South Carolina head coach Steve Spurrier is never afraid to speak his mind and when he does, it’s usually pretty entertaining.
The subject of Spurrier’s golf game came up when he spoke with The State reporter Josh Kendall late last week. Spurrier maintains that it’s important to have other hobbies away from football to focus on during the offseason so when fall workouts finally roll around, he is excited about preparing his team for the next season.
“I have read stories that people who last a long time have outside interests. I can’t grind on football 11 months a year maybe the way some of these coaches do,” Spurrier said. “I mean, they will go 6:30 a.m. to 7:30, 8:00 at night in the offseason. Did you know that? I don’t know what they do. They say they are working.”
When bringing up a specific example of a coach who pulls in those grueling offseason work days that he described, Spurrier, of course, mentioned Alabama’s Nick Saban.
“I told Nick Saban one time, I said, ‘Nick, you don’t have to stay there until midnight and your teams would be just as good and win just as many,’” Spurrier said. “He said, ‘If I could do it the way you do it, I would, but I don’t feel comfortable unless I try to cover every base, every angle, be totally prepared.’ Everybody is different as far as when they feel they are totally prepared.”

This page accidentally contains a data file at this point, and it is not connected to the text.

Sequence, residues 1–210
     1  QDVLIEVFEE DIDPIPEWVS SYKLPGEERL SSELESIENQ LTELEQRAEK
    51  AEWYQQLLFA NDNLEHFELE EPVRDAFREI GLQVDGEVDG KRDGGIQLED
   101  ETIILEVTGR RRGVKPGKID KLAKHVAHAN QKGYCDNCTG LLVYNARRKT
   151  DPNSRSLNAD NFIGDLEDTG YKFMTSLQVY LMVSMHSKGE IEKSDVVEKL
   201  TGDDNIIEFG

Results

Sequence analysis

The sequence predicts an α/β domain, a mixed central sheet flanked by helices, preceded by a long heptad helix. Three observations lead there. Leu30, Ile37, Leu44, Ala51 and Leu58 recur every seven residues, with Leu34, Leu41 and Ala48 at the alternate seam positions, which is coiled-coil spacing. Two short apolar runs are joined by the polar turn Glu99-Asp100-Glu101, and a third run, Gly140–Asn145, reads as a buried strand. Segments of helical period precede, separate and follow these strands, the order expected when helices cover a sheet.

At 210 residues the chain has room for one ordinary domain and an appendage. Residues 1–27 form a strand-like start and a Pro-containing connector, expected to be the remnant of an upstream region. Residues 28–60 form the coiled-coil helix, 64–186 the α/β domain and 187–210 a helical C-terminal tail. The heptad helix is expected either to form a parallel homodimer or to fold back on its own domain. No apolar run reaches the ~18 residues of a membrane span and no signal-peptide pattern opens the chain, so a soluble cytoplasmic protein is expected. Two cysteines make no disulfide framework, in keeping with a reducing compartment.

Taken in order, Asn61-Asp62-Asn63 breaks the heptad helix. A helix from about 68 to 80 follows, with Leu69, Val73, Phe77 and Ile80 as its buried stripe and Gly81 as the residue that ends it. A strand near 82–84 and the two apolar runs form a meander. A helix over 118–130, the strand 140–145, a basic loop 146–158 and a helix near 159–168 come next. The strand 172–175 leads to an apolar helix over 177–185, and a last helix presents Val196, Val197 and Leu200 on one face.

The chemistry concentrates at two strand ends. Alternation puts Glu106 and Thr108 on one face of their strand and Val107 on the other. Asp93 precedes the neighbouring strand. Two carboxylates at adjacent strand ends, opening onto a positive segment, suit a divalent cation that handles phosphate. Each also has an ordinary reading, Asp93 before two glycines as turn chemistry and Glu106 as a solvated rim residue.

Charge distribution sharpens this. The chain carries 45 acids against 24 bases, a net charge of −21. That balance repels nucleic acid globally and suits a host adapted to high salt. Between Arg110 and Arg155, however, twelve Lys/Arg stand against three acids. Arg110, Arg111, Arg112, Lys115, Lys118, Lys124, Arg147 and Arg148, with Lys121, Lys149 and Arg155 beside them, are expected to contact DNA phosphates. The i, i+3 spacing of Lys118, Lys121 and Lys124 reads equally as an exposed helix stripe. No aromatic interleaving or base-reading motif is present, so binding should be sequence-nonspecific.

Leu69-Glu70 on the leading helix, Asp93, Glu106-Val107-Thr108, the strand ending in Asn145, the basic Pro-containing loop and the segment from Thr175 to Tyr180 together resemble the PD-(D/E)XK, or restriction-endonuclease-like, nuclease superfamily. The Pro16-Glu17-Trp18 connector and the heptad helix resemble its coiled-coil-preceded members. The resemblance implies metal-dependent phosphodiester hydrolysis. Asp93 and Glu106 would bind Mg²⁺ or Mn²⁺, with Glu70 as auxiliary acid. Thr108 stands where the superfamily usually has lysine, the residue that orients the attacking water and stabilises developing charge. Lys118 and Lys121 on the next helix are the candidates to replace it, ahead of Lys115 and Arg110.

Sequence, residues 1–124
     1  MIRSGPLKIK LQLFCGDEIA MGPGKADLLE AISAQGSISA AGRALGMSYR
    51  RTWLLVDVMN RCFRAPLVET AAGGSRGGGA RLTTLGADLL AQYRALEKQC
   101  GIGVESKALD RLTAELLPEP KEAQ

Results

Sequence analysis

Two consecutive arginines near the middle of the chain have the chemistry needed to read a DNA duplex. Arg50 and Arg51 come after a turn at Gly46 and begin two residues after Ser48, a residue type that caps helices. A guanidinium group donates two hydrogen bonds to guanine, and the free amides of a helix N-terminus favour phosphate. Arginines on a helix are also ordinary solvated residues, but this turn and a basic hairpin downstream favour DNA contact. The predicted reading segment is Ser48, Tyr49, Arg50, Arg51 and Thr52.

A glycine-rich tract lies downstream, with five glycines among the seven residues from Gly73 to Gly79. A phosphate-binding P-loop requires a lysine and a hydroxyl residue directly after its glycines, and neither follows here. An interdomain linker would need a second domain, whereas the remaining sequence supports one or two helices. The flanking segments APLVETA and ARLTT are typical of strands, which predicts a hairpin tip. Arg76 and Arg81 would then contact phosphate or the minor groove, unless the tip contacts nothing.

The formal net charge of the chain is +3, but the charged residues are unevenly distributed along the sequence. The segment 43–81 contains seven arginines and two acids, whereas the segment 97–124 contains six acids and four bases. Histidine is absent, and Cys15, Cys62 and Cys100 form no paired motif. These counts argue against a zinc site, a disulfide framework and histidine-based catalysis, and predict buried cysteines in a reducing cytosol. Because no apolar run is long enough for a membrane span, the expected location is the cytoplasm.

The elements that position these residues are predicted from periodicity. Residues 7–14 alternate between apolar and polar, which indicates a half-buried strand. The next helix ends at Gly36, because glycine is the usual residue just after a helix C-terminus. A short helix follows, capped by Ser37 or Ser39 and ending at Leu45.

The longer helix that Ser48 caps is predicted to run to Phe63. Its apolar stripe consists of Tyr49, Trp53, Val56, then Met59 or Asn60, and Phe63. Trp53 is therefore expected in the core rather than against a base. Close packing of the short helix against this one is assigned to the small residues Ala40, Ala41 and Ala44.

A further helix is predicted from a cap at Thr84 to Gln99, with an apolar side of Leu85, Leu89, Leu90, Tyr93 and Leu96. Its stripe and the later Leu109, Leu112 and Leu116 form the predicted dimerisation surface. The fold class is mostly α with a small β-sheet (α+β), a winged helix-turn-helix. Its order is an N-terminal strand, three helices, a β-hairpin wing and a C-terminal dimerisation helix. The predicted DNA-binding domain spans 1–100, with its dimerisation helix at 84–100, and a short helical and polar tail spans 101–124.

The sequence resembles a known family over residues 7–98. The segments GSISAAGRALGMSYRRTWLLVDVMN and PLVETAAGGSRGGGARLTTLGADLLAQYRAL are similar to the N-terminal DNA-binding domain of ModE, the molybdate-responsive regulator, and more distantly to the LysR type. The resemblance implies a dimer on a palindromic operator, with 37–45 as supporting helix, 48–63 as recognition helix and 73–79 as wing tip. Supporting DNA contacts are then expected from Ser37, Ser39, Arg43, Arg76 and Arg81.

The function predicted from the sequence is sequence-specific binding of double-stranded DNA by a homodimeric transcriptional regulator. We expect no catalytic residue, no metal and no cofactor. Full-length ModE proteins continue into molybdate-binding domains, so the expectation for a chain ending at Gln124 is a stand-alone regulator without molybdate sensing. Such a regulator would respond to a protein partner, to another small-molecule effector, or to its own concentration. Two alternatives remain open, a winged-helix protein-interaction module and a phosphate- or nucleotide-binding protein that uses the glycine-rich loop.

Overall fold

Spurrier has led the Gamecocks to a school-record 11 wins in each of the past three seasons. Saban has won three BCS National Championships during his tenure with the Crimson Tide.
“Would we be 12-1 instead of 11-2 (if I worked more)? Oh, you’re kidding. I haven’t heard anybody say that really, but if you wanted to, you can find faults with anybody if they don’t win them all,” Spurrier said.
“How many SECs has (Saban) won there in eight years? He’s won two. He’s won three nationals, but he’s only won two SECs in eight years. Now, if you had the No. 1 recruiting class every year and so forth, I don’t know if he has maxed out potentially as well as he could.”
I don’t think Spurrier said what he said in a spiteful way, he’s just saying that there’s no perfect approach to coaching football at the highest level. Despite only winning two SEC titles, three national titles in seven seasons seems to pretty good evidence that Saban’s method seems to be working out pretty well.
We won't get to see Spurrier and Saban go head-to-head this upcoming season, either. The Crimson Tide and Gamecocks won't play again until 2019.
In 2010 -- last time the two squared off -- Spurrier and South Carolina prevailed, 35-21
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